1957 Ford Thunderbird misses on acceleration

Have 1957 Ford T bird with 312 engine. Runs great cold warms up and starts missing when accelerating.

Ignition points, coil, spark plugs, ignition wires, bad fuel, carburetor needs rebuilding… All could cause a miss.

In 1957, cars needed spark plugs, points and condensor, Inspect cap and wires, chech dwell and reset timing and usually a carb adjustment every 10,000 miles. Also, make sure the choke is all the way open when hot and make sure the exhaust heat riser is not frozen shut.

And the fuel system was not designed for ethanol fuels.
Depending if you want to keep it pure stock or not. I would replace the ignition system with a modern pointless system and either go with a new carburetor designed for ethanol or a throttle body FI system.

Those had some choke problems too, or at least ours did, so check to make sure the choke is fully opened when warmed up. A good ear usually tells you if a miss is spark or fuel.

If the choke isn’t causing the problem check the exhaust heat riser valve and the entire exhaust. A restriction in the exhaust on either side will force exhaust gas under the intake and overheat it. Often the heat can get severe enough to make the intake crossover glow.

Vacuum advance hose shot or diaphragm broken? Suck on the hose and see what’s happening under the dist cap.

I would check the vacuum advance too. I had a leak in the diaphragm on a 69 Skylark, idled fine, would bog down as soon as you gave it gas.

The bird only does this once it fully warmed up…runs great cold.

How long does it take to fully warm up?

Some 312 engines had 3 thermostats, 2 in the block behind the water pump and 1 at the intake. One of the block mounted thermostats can cause the cylinders on one side to overheat and miss without affecting the other.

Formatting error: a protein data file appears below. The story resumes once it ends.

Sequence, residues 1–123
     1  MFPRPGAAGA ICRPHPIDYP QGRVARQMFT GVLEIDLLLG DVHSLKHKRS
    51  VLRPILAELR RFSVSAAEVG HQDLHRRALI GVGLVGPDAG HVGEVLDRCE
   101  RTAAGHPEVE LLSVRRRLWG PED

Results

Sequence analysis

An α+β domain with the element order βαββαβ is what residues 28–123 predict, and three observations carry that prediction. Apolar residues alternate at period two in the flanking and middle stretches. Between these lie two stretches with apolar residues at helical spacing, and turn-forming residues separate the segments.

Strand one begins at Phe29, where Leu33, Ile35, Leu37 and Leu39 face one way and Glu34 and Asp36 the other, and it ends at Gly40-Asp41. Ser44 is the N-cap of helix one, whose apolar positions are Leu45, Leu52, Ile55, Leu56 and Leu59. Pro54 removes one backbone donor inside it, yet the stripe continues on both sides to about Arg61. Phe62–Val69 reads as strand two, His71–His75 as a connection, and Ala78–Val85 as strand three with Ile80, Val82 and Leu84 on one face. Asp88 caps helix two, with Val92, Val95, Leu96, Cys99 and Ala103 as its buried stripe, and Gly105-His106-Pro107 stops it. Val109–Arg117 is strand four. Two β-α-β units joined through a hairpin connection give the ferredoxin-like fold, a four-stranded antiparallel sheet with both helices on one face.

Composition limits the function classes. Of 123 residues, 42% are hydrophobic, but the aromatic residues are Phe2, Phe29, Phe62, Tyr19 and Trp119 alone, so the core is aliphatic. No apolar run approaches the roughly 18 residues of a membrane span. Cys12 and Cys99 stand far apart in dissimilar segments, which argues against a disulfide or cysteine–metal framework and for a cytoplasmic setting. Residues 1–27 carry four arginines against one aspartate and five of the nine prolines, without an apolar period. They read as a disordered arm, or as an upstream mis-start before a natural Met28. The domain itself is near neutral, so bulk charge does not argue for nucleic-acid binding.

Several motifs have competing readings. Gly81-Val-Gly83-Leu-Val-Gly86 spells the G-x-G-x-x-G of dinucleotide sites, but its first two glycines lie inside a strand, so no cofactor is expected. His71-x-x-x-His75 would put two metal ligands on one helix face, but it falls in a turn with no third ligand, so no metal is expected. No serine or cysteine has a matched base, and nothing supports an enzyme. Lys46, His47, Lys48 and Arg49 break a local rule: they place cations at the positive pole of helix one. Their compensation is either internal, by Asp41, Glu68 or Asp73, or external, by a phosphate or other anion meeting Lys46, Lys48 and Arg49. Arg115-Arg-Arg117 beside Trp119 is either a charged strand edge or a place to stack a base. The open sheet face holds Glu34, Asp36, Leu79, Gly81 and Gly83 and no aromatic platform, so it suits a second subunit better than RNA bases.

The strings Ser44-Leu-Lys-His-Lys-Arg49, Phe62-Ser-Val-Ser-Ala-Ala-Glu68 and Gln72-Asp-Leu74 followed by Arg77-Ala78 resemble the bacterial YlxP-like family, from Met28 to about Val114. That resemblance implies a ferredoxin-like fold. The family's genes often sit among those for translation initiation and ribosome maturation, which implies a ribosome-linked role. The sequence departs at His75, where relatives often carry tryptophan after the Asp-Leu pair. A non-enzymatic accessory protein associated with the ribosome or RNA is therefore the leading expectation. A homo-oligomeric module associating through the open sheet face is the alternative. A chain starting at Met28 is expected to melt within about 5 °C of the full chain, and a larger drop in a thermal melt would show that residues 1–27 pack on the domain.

You may need to go to a nursing home to find a mechanic with the right experience to troubleshoot, or get in touch with Jay Leno.

NURSING HOME… I resemble that remark. I have worked on mid 50s Fords including T-Birds with Mercury 312 engines and hope to be busting my knuckles 'till I run out of gas… But realistically getting that car properly taken care of could require a ‘seasoned’ mechanic who enjoys getting under the hood of one of the great cars from the past. And I enjoy a challenge occasionally as do my ‘seasoned’ friends. Asking around for recommendations in the area might be worthwhile.

BTW, does the car have a 3 speed manual?

Funny you should think you need to go to a nursing home. In Automobile magazine this month they had an article on McPherson College in Kansas. They have a four year degree program for automotive restoration. They only take 40 kids a year but they learn all about the old cars, car history, body work, painting, engines, interiors, etc. Plus they have to take the normal course work for a liberal arts degree. Sounded like the grads do quite well and are sought after by car museums. Jay Leno is a supporter. So I dunno, maybe drive down to McPherson, Kansas and have the kids take a look see after class.

Even though I was dying for some practical articles like body work and painting, this is the closest I’ve seen and I’m still not renewing this subscription either.